Kraken Says Hackers Turned to 'Extortion' After Exploiting Bug for $3M

The bug found by a "security researcher" led to nearly $3 million stolen from Kraken's treasuries.

AccessTimeIconJun 19, 2024 at 3:22 p.m. UTC
Updated Jun 19, 2024 at 6:32 p.m. UTC
  • Kraken said third-party security researchers found a vulnerability, which was fixed by the crypto exchange.
  • The researchers secretly withdrew nearly $3 million and refused to give it back without seeing the bounty amount first, Kraken said.
  • Blockchain code editor Certik said it found a vulnerability in Kraken's platform and claims to have been "threatened" by the exchange.
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  • Crypto exchange Kraken said "security researchers" who found a vulnerability on the platform turned to "extortion" after withdrawing about $3 million from the exchange's treasury.

    Nick Percoco, Kraken's chief security officer, said in a post on social media platform X (formerly Twitter) that the firm received a "bug bounty program" alert from a security researcher on June 9 about a vulnerability that allows users to artificially inflate their balance. The bug "allowed a malicious attacker, under the right circumstances, to initiate a deposit onto our platform and receive funds in their account without fully completing the deposit," Percoco added.

    Upon receiving the report, Kraken fixed the issue swiftly and no user funds were affected, Percoco noted.

    What came after raised red flags for Kraken's team.

    The security researcher, upon finding the bug, allegedly disclosed it to two other individuals, who then "fraudulently" withdrew nearly $3 million from their Kraken accounts. "This was from Kraken’s treasuries, not other client assets," Percoco said.

    The initial bug report didn't mention the two other individuals' transactions, and when Kraken asked for more details of their activities, they refused.

    "Instead, they demanded a call with their business development team (i.e. their sales reps) and have not agreed to return any funds until we provide a speculated $ amount that this bug could have caused if they had not disclosed it. This is not white-hat hacking, it is extortion!" Percoco wrote.

    Kraken didn't disclose who the researchers were, but blockchain code editor Certik subsequently said in a social media post that it found several vulnerabilities in the crypto exchange.

    Certik said it conducted "multi-day testing" and noted that the bug could be exploited to create millions of dollars worth of crypto. "Millions of dollars can be deposited to ANY Kraken account. A huge amount of fabricated crypto (worth more than 1M+ USD) can be withdrawn from the account and converted into valid cryptos. Worse yet, no alerts were triggered during the multi-day testing period," the post said.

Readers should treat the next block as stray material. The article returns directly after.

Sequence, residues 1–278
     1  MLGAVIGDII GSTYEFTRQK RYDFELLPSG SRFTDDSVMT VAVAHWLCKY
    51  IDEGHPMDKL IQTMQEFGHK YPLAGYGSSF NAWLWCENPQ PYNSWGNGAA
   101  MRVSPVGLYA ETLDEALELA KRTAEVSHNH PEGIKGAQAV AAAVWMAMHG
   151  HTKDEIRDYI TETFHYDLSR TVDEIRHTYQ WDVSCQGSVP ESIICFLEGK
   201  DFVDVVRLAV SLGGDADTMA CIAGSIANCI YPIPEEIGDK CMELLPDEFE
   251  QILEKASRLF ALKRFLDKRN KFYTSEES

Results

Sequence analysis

However, Certik said things went sour after the initial conversation with Kraken. "Kraken’s security operation team has THREATENED individual CertiK employees to repay a MISMATCHED amount of crypto in an UNREASONABLE time even WITHOUT providing repayment addresses," the X post added.

    Bug bounty programs – used by many firms to strengthen their security systems – invite third-party hackers, known as "white hats," to find vulnerabilities so the company can fix them before a malicious actor exploits them. Kraken's competitor, Coinbase, has a similar program to help alert the exchange of vulnerabilities.

    To be paid the bounty, Kraken's program requires a third party to find the problem, exploit the minimum amount needed to prove the bug, return the assets and provide details of the vulnerability, Kraken said in a blog post, adding that since the security researchers didn't follow these rules, they won't get the bounty.

    "We engaged these researchers in good faith and, in-line with a decade of running a bug bounty program, had offered a sizable bounty for their efforts. We’re disappointed by this experience and are now working with law enforcement agencies to retrieve the assets from these security researchers," a Kraken spokesperson told CoinDesk.

    UPDATE (June 19, 18:30 UTC): Updates story throughout to add Certik's comments.

    Edited by Sheldon Reback.


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    Aoyon Ashraf

    Aoyon Ashraf is managing editor with more than a decade of experience in covering equity markets